Today is the 20th anniversary of my Dad’s death in 1991. He married for the first time at 42 and was privileged to hit the 50 year mark with Mom, shortly before he died. Although he didn’t have even one health issue at the ripe old age of 92, a fall that splintered his pelvis into 13 pieces proved fatal. Although a young person could have tolerated traction for so long, immobilizing an elderly man worked against his survival.
Dad was born in 1899, a fact we children flaunted on school playgrounds. Mom used to say he was a contemporary of D.L.Moody who died 3 months after Dad was born. As a kid I used to reason that older was wiser, so Dad must have been the wisest father around.
The first child of parents who’d immigrated to America as teens, Dad spoke only Swedish when he walked into 1st grade at age 6. But he was quiet and observant, quickly learning English and other American ways, like how to avoid the knuckle-smack of an angry public school teacher.
He lost a little brother to pneumonia when he was 12, and his mother to TB at 13. After helping raise two younger siblings then training with the Army during World War I, he rode a streetcar to Northwestern University and emerged with two degrees. He navigated the Great Depression as a 30-something, and worked tirelessly to preserve his dying father’s real estate business.
My sister, brother and I loved hearing stories about the early 20th century, viewing him as a walking, talking history book. As a kid he chased after horse-drawn ice wagons hoping for loose chips on a hot day, and watched donkeys drag wagons of dirt out of hand-dug tunnels, Chicago’s eventual subway system. The city was paved with mud, election results were announced with fireworks, and all of it fascinated us.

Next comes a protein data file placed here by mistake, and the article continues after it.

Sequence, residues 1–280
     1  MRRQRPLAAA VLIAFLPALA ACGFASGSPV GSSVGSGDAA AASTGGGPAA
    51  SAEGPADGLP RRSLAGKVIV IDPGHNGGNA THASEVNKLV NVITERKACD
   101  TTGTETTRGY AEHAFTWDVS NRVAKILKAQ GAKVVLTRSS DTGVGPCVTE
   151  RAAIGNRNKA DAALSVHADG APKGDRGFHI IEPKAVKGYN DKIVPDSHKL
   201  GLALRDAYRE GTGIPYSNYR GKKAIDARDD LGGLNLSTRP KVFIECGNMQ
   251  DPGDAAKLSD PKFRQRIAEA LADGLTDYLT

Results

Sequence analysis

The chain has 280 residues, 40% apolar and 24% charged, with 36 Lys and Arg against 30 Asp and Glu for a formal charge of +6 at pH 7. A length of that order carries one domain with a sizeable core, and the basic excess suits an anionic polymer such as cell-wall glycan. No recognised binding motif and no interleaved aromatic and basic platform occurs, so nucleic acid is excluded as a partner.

Dad was honest to a fault. If a letter arrived with the stamp uncanceled, he’d say, “You can’t reuse that stamp, you know. It did what it was bought to do, and using it again would be robbing the postal service.” Letters only cost two cents then, but his statement was more about integrity than money.
Despite a bumpy background, Dad never experienced self-pity or bemoaned his losses, accepting life as it was. Although he wasn’t demonstrative and rarely shared his emotions, we all knew he loved us and would do anything in his power to help us. We also knew he gave 50% of his income to God’s work at the peak of his business career, which spoke volumes about his faith priorities.
My siblings and I were given a gift in Dad, but also a responsibility. Scripture says, “When someone has been given much, much will be required in return; and when someone has been entrusted with much, even more will be required.” (Luke 12:48)
And then there was Dad, who had much taken, but gave more than he’d been given anyway.
“Those who have been given a trust must prove faithful.” (1 Corinthians 4:2)